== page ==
In this Future Express, Jon and Ted discuss bringing AI to legal finance and whether that might push us toward rationalizing our laws. We mention the parking ticket fighting app DoNotPay, and imagine that type of technology growing to cover most legal needs, starting an arms race between assistant software and bureaucracies that will force them to change strategy, because they are no longer protected by the inertia of time consuming obstacles. Responding to listener feedback, we reexamine the idea of elder care robots. In our continuing discussion of technological unemployment, we wonder whether the whole issue doesn't really come down to the superstar effect, and we wonder: can capitalism survive until the singularity arrives? Should it?
In this Express episode Jon and Ted answer a listener question about the future of citizenship, and wonder how it will be challenged and whether it's even necessary at all. We respond to another question asking for a beginner's reading list. We follow up on our discussion with Calum Chace and talk through Jon's skepticism of technological unemployment problems. How long will the era of technological unemployment last? Long enough to matter or is it another blip on the road to superintelligence? Will robot housekeepers be replaced all at once or piecemeal as things like Roombas get better? Is it practical to think most people will become digital nomads or are people driven to acquire status to the point that an endless pyramid of positional goods can keep capitalism going forever? How about the meaning of an infinite movie?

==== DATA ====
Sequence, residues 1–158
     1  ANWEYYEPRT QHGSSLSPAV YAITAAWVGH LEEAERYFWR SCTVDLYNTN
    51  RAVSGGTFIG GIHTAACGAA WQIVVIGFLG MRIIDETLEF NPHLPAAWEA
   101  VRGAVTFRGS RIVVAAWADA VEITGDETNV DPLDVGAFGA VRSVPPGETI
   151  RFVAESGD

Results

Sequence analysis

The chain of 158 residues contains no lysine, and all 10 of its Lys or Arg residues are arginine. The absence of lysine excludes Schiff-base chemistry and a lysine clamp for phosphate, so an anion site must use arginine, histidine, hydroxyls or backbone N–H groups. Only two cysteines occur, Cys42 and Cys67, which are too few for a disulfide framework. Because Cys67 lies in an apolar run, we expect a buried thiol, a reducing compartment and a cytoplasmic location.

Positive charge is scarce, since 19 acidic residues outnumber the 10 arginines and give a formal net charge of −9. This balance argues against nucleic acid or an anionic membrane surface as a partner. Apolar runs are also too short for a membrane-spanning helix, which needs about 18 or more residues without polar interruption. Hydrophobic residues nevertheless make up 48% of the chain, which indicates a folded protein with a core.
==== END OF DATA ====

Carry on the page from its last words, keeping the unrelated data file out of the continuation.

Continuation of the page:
Author Calum Chace returns to discuss his new book, "The Economic Singularity: Artificial Intelligence and the Death of Capitalism" We discuss the likelihood of long-term technological unemployment and universal basic income, and whether the distribution challenges of our increasingly abundant economy require rethinking some of the basic elements of our current capitalist system. With something like 5 million people employed as drivers in the US, what will they do when AI can drive vehicles?